E: What makes Monzo different from other app-based banks?
R: One thing that makes us stand out is that we focus on building features to make your day-to-day banking easier. While other banking apps might be working on cryptocurrency or foreign exchange, we want to make a great everyday current account with powerful features like round-ups and pots for your money. But, we do support the work that all the new digital banks are doing, and we’re constantly impressed by how innovative the industry is, so, we’re never competing with other banks to be the best app-based bank out there. Instead, we’re competing to get the attention of those who haven’t thought about switching to an app-based bank and getting them to switch to Monzo.
E: Is Monzo aimed at a new generation of account holders, and if so, how does it reach them? Who else are you targeting?
R: Our mission is to ‘make money work for everyone’, which means we want everyone who has a bank account to switch to us. While we appeal to more of the younger market because of the app and the card (we’ve even seen people dress up as our card for Halloween!), we would love to see people who’ve had the same bank account for twenty or thirty years give us a shot. That’s why we make it super easy for people to switch to us and provide them with benefits like getting paid a day early, paying your bills from specific pots and automatically sorting your salary when it’s paid. We’re also keen to make banking available to people who are turned down by the big banks. Sadly, a lot of people fall into the ‘unbanked’ category, which means they’re denied access to financial services. For example, recent migrants to the UK often struggle to set up a bank account because they haven’t got proof of address, so we make it easy for anyone to open a bank account without a fixed address. We also work with organisations around the country to help people get to grips with the UK’s banking system by providing advice and resources via our ‘Banking 101’ sessions.
E: Are there any trends in retail behaviour that influence changes you make to the App?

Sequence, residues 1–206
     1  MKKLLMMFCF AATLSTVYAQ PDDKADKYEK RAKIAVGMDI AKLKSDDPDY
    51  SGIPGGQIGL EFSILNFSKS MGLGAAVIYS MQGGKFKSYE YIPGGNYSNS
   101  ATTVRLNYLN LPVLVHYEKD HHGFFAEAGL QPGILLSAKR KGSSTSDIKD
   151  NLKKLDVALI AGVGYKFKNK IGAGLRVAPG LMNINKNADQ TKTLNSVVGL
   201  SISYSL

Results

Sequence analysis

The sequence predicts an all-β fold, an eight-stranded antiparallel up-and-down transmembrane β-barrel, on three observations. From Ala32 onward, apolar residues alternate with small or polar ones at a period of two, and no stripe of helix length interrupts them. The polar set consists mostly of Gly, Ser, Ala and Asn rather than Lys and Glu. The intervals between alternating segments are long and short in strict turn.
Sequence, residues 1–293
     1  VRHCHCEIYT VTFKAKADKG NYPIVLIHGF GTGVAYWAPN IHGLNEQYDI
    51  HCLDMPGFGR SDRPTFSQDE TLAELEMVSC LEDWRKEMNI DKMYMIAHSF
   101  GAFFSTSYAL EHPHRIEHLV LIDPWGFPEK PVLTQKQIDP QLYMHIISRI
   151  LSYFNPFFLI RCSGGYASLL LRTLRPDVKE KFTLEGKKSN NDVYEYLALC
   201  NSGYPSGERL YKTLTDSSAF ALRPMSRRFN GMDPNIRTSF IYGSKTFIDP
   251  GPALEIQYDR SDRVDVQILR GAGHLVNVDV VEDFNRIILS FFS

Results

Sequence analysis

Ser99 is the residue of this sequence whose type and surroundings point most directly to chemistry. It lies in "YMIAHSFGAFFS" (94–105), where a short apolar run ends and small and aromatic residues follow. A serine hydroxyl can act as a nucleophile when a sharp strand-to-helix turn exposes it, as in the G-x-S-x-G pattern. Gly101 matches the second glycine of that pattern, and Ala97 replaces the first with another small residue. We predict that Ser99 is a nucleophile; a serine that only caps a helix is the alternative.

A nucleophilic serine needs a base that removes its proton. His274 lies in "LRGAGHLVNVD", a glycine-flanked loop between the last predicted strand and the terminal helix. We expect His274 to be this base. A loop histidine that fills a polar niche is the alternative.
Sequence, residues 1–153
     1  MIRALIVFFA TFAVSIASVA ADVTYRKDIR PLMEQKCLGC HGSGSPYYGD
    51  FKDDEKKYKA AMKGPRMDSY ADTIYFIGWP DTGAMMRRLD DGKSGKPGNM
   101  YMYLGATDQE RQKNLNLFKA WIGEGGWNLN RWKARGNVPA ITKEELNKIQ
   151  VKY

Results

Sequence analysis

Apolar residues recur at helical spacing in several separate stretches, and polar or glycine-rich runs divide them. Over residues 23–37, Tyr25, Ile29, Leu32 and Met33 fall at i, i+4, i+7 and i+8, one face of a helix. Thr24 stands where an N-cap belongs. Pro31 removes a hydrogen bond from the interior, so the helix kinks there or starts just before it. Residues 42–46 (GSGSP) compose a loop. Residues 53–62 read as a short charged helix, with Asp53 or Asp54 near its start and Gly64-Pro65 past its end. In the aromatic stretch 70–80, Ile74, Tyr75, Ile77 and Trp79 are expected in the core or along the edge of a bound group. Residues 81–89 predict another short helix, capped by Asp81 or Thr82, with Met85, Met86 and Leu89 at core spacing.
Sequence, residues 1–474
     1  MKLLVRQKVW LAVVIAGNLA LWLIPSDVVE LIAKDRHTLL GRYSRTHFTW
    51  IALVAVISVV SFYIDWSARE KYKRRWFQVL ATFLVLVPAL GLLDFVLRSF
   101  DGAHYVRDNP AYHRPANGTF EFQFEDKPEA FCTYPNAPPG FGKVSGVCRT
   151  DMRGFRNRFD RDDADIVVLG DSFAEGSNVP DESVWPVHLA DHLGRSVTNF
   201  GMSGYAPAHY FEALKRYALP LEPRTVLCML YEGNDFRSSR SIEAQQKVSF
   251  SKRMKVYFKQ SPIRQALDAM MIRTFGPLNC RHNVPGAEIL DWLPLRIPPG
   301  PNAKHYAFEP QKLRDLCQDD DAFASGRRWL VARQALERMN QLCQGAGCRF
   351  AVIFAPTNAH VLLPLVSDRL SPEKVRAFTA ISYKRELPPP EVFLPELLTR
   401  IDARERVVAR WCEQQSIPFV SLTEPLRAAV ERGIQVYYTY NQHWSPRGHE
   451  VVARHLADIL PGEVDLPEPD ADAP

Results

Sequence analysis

R: Not only are people going cashless, but they’re also going cardless too. The beauty of Monzo is that it works with Google Pay and Apple Pay, which means you can do most of your spending using your phone.
E: Banking has come a long way in the past few years with more people than ever turning to a ‘branchless bank’, but what do you think will be the biggest change in user behaviour in the next 12 months?
R: One of our bets at Monzo is that people want to manage their financial lives all in one place, so we’re trying to work towards a marketplace model where you could, for instance, see your credit score, manage your bills, renew your insurance, keep an eye on your savings, all through an app. With the recent open banking initiative – the practice of sharing financial information electronically and securely – we should also see more companies build exciting apps that integrate with your bank account in interesting ways. Some great examples include, Flux, which lets you get digital receipts and see them in Monzo, or Tail, which offers cash-back on certain purchases.
E: Finally, what’s the future for Monzo?
R: We’re still growing super-fast in the UK (we recently passed 3.5m customers) and our goals for 2020 are to grow out our business banking and launch a paid Monzo account. Our US team is also hard at work bringing Monzo to a whole new market, which is super exciting for us – the sky is the limit!
Read this interview plus more from RSPCA Cymru and Mundy & Anson in BARK 9 HERE